This is a familiar storyline: Young couple fall in love, marry, bicker, tragedy strikes, wife dies. Then the real story begins. Jake Gyllenhaal gives a riveting performance as the husband, unable to express his grief or mourn the loss of his wife.
Instead, he slowly self destructs, one aspect at a time. First his job as a Wall Street heavy hitter, next his relationship with his in-laws and their quest to create a legacy for their daughter, and so on until he becomes obsessed with dismantling things.
The storyline gets a bit weird when he develops a relationship with a customer service woman to whom he writes multiple letters complaining about a vending machine. They meet, there is a 15 year son involved and lots more destruction, turmoil and angst.
The reason this is such a good movie is Gyllenhaal. The intensity he brings to his character is powerful, believable and palatable. This is arguably his best work since Brokeback Mountain. It is sometimes hard to watch but worth it.
This is a unique film with a chilling creepy factor that slowly but consistently builds intensity. The experience is likely to stay with you long after you have left the theater.
It is a tale about a poor but devotedly religious family in early 17th century New England that are excommunicated from their Puritan village. They eek out a simple farmstead on the edge of a remote forest. It is a hard life for the family with five children from youngsters to teens.
Suddenly the youngest boy goes missing. In no time at all the family starts fearing satan is at hand. Fear and paranoia take over as the oldest daughter is accused of being a witch.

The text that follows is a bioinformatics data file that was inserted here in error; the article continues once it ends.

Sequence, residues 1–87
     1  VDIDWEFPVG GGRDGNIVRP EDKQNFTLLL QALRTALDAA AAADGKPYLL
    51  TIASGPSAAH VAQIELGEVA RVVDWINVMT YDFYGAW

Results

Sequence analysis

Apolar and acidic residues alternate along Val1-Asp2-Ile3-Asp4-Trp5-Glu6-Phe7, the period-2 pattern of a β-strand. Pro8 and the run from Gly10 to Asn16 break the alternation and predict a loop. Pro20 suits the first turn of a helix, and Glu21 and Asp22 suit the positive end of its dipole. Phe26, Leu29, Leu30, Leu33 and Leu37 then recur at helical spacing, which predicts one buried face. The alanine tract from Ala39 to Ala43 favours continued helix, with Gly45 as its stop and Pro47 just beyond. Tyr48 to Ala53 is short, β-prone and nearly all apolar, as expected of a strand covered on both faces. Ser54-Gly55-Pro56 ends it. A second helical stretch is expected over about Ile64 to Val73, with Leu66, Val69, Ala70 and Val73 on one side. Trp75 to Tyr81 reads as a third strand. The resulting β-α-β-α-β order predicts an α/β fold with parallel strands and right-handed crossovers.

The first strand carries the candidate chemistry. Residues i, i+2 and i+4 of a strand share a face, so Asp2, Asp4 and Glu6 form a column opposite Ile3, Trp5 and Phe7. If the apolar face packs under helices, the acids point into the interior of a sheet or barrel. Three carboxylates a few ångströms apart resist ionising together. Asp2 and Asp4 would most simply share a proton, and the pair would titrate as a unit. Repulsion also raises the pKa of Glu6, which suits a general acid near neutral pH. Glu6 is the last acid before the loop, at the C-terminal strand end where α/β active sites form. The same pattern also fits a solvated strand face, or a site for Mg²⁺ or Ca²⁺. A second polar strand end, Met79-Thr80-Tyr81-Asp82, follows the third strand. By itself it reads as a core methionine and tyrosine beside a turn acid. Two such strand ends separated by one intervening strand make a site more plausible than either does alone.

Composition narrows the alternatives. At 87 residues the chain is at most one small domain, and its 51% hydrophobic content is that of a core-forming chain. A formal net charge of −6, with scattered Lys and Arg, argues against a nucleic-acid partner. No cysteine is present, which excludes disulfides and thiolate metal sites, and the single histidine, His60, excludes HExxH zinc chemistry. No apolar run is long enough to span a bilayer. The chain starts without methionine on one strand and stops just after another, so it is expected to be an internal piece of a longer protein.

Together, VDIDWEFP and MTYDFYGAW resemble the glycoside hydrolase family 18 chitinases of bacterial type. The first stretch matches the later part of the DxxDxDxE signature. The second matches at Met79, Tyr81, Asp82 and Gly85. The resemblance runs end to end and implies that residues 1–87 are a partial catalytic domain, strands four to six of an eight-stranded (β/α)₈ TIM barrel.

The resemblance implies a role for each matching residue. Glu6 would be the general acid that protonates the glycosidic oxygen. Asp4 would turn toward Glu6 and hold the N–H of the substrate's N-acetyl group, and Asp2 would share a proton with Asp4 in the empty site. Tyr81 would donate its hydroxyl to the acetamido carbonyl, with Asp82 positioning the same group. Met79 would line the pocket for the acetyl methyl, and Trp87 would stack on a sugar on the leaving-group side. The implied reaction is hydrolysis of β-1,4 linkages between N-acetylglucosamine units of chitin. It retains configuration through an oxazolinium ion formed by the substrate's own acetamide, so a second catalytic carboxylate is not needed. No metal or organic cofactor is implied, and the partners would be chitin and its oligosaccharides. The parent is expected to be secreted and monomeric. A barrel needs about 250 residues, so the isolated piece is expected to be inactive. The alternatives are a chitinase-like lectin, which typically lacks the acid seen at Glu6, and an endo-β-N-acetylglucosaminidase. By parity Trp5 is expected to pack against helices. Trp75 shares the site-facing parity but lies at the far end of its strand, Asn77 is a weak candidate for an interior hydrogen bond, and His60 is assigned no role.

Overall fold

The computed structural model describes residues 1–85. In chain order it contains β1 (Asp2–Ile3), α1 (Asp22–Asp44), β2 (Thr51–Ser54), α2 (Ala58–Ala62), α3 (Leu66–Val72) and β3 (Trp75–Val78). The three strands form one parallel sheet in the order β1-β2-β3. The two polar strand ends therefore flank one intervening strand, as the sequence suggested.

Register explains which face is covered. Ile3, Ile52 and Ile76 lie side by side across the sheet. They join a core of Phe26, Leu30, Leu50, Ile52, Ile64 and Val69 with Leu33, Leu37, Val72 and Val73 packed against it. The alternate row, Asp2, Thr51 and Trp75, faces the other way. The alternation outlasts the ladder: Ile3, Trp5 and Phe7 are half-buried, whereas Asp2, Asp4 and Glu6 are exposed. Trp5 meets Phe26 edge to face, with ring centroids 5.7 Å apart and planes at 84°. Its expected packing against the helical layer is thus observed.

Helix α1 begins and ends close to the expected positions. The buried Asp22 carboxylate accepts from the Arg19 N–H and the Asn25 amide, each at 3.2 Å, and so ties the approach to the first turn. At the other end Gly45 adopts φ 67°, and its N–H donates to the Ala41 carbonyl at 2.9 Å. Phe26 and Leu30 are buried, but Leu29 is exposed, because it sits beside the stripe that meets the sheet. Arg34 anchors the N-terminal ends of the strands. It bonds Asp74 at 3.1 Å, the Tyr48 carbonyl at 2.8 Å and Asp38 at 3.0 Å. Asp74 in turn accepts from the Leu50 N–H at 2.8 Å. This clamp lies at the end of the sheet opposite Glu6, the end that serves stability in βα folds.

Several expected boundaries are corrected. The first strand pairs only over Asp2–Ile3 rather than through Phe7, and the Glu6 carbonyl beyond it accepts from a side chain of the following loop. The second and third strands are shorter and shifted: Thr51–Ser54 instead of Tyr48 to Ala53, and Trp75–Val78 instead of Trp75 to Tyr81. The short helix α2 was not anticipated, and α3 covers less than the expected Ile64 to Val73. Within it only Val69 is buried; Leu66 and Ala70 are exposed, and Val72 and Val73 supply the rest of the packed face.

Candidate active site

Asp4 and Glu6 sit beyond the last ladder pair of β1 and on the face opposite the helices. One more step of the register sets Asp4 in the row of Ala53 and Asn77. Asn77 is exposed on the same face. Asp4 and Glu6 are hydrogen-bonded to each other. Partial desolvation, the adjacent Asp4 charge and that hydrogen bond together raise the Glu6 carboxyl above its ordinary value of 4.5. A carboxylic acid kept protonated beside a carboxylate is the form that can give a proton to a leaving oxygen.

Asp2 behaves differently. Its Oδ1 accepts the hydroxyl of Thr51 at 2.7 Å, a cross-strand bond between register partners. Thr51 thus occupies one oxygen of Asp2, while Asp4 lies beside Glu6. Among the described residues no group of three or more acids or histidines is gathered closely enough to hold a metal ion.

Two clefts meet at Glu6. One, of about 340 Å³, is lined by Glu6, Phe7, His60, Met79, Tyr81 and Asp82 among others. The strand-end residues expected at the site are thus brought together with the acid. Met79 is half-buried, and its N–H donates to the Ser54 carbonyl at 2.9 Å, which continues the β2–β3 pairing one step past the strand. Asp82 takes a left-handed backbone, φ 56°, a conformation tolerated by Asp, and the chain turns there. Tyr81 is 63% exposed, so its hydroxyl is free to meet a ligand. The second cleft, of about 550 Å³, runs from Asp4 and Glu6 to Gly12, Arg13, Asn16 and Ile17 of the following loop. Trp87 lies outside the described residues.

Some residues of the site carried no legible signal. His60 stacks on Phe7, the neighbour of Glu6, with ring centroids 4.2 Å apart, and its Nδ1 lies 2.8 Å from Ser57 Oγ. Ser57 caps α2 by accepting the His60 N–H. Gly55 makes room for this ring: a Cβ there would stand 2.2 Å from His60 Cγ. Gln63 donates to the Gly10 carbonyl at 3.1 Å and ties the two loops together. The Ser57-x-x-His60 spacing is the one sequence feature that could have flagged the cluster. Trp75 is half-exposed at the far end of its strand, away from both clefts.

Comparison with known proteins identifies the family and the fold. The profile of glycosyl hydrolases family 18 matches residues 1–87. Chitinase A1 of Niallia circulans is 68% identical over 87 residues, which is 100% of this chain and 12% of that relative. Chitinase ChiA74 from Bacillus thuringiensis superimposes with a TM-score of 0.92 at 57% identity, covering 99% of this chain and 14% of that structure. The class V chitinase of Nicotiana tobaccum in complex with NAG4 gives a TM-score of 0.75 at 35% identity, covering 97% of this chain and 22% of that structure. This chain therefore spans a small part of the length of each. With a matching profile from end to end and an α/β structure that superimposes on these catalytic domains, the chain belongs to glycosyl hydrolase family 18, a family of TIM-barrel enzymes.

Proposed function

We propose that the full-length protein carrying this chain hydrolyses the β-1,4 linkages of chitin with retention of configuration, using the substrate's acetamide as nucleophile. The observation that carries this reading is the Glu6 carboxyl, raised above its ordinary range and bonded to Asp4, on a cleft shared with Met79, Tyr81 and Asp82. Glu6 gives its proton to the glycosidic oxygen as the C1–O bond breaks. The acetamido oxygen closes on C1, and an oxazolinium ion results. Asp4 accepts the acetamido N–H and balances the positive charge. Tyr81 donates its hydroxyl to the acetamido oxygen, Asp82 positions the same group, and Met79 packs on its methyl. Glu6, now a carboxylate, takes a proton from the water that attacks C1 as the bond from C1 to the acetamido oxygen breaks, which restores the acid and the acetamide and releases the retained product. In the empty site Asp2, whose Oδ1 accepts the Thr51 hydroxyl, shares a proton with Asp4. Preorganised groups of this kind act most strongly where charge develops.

There is a lot left to the imagination. But the genius of this film is the opaque path it creates for the viewer. On the down side, the old English script is hard on the ears. See it anyway if you want a new twist on horror storytelling.
Written and Directed by Jeff Nichols, this is his fourth feature length film about a new concept of close encounters with other life forms. It is a story about a young boy with special powers, his parents and the small circle of friends trying to protect the boy from the FBI.
The government sees the boy as a weapon and chases the family through much of the Southeast US. As the troops close in on the family, there is a pretty good chase scene. The final scenes are a surprise event. Let’s just say there is a whole of moving and shaking. Mostly…
Filmed in New Orleans with a solid cast, the boy is played by Jaeden Lieberher. Sam Shephard, Kirsten Dunst, Michael Shannon, Joel Edgerton and Adam Driver round out the cast. One part Sci-Fi, one part thriller, mystery. Worth a watch.
Don Cheadle is “all in” on this biopic look at Miles Davis’ hermit period in the late 1970. Mr. Cheadle co-wrote, co produced and plays Miles Davis so well, you forget that he not really Miles Davis.
There was a lot going on back in the day. Not only was Miles Davis a ground breaking jazz trumpeter, his life was a tumultuous series of events, turbulent love affairs, drug affairs, industry affairs, drama and mayhem.
Ewan McGregor plays a good fake freelance writer for Rolling Stone and somehow becomes Miles’ sidekick for much of the film. It is not a perfect film, but definitely entertaining. A fascinating peek back in time and a great era for “social music” as Miles’ preferred to the term jazz.
Mile Davis died September 28, 1991.